The Alliance seems to be making headway. On Tuesday 1st of March, 120,000 Russian soldiers’ personal identities were published.
On Monday, 28 February, the mostly Russian Ransomware-as-a-Service (RaaS) gang Conti’s private communications were leaked by a Ukrainian member of the gang.
Russia’s government and intelligence services have long honed their craft of propaganda and misinformation through state-run news channels parroting the official Kremlin line and spreading false news stories and smear campaigns using social media troll factories.
These tactics have been employed on the Ukrainian population since the 2014 Crimea annexation and became more focused as tensions have built to the subsequent war.
Critical to the information war in Ukraine, The Kyiv Independent has been feeding the population and those outside of the country with on-the-ground facts. So far, The Kyiv Independent’s crypto donation addresses have had incoming transactions totaling USD 276,000.
The Kyiv Independent BTC addresses: bc1q444wayyye4jke3ty87sdvm77dwkysz9hwcyu6u, bc1qtdkvd5j89drlk2yaekpszm0rlrnsrfetdd5am7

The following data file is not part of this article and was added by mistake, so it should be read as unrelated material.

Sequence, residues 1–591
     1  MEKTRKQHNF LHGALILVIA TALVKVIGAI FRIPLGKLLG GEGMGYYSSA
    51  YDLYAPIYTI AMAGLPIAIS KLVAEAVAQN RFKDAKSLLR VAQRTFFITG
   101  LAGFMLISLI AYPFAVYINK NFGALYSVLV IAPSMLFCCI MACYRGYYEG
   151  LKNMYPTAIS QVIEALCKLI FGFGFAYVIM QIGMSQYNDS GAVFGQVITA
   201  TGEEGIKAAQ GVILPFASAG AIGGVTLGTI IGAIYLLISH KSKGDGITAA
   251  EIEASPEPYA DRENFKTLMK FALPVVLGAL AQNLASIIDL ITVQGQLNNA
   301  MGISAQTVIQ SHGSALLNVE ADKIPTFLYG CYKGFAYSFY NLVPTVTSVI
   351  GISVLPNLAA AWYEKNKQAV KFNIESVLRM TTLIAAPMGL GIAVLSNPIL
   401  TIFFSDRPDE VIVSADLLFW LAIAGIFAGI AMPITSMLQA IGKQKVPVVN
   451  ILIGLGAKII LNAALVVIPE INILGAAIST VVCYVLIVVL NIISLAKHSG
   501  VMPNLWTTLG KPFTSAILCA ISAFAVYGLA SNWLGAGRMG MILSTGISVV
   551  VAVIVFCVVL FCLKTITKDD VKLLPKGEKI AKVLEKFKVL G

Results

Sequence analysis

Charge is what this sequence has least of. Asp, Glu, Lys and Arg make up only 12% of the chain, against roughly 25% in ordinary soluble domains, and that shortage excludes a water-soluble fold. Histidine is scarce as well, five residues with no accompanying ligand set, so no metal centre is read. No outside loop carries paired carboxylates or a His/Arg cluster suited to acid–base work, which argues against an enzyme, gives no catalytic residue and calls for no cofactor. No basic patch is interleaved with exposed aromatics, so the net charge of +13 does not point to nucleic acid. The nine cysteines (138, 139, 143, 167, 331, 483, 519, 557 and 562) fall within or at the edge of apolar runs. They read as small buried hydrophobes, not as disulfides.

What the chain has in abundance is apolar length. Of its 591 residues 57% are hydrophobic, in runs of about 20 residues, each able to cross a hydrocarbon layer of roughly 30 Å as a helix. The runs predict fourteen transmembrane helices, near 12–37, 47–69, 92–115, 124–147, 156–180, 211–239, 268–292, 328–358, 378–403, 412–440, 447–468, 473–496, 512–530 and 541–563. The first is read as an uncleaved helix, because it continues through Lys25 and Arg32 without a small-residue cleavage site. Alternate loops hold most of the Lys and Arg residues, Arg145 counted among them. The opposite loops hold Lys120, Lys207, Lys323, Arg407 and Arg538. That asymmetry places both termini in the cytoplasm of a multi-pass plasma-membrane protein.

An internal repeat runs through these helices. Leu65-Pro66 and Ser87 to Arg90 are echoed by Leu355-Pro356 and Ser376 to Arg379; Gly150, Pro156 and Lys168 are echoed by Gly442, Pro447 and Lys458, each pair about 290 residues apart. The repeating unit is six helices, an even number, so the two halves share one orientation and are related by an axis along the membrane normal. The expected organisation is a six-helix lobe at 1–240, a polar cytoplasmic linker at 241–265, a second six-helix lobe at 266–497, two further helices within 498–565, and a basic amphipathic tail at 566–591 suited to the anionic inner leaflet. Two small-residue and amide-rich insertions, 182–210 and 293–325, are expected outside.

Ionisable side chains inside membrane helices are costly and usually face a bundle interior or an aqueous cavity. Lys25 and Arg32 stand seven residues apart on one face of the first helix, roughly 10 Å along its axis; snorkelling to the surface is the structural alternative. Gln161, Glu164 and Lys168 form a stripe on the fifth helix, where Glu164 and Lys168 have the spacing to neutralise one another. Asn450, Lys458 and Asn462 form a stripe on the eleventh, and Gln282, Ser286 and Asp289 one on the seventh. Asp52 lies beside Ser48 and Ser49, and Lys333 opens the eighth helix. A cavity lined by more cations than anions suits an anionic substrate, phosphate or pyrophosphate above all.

The Kyiv Independent ETH address: 0x97849c43DB2AD63905aCcAD01Cbd6794833A95b5
For those not looking to fund physical and cyber violence there are also NGOs hard at work providing shelter, food and medicine during sub-zero temperatures. The most prominent of which is Unchain Ukraine, raising USD 198,000 in a few days with the average donation running to USD 571. Unchain Ukraine is supported by prominent crypto names such as CELO, Solana, Polygon and yearn.finance.
The war has so far led to more than 700,000 refugees crossing Ukraine’s western border. The majority have headed to Poland, a nation that has given shelter to many Ukrainian nationals since the Crimean annexation and eastern border civil war erupted in 2014. Another strictly non-militant NGO, the Polish Humanitarian Action (PAH), has started the Crypto for Ukraine campaign.